There are simple things that Cassaundra Davis will always appreciate: A run through her neighborhood. A cold glass of water. Or running water for that matter. There are a lot of little things she never even thought about that she now sees as gifts.
She has had enough rice and beans for a lifetime, however.
Davis, a senior-to-be on the St. Michael’s College field hockey team, spent the last month in Guatemala. Over the spring semester, she took a course called Social Theories, taught by her academic advisor, Dr. Robert Brenneman, in which she learned about the gang-influenced violence, poverty and religion of Central America.
Admittedly, Davis doesn’t stray far from her surroundings. But when approached about studying the month in Guatemala – stories of violence and poverty and all – she was sold. “What was most appealing was the fact that it was only a month,” said Davis, who returned June 19. “It wasn’t that long, and it was a great opportunity.”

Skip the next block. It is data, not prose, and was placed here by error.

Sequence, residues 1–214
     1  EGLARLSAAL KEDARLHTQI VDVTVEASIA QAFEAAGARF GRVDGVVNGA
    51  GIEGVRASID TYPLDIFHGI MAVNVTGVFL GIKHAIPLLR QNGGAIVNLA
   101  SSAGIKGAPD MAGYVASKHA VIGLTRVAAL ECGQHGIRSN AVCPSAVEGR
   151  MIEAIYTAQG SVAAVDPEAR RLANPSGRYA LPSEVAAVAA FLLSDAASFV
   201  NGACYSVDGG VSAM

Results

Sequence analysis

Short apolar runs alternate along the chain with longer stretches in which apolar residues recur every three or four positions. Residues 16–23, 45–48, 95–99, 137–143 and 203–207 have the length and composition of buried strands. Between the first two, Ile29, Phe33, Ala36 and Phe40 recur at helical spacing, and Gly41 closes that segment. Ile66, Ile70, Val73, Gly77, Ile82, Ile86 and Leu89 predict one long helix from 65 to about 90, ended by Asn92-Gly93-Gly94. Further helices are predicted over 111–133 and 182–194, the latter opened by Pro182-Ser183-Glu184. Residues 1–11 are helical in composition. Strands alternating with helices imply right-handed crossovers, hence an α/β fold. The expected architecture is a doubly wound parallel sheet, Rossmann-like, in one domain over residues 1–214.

A third-world country, Guatemala borders Honduras, El Salvador, Belize and Mexico and is particularly rife with gang violence and poverty, the latter of which Davis saw plenty. “We drove through neighborhoods where people lived in shacks with dirt floors,” she said. “There were people just sitting in the street, not working. People would come up to us and ask us for money.”
It was about as far away from Burlington, Vermont, or Newburyport, as one can get.
But amidst the region’s problems, she was deeply moved by the sense of family Guatemalans have. Weekends are spent with brothers, sisters, grandparents and cousins. She described her host family, the Polancos of Guatemala City, as middle class and immensely hospitable.
Davis does not speak a word of Spanish, but fortunately Jorge and Karen Polanco knew some English. Communicating was difficult at times, but a bond was evident.